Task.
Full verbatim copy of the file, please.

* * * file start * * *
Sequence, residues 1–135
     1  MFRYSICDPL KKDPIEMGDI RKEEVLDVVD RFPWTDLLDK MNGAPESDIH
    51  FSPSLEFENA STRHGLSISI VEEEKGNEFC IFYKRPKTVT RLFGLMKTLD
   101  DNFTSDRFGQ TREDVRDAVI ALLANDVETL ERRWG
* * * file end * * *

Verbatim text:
Sequence, residues 1–135
     1  MFRYSICDPL KKDPIEMGDI RKEEVLDVVD RFPWTDLLDK MNGAPESDIH
    51  FSPSLEFENA STRHGLSISI VEEEKGNEFC IFYKRPKTVT RLFGLMKTLD
   101  DNFTSDRFGQ TREDVRDAVI ALLANDVETL ERRWG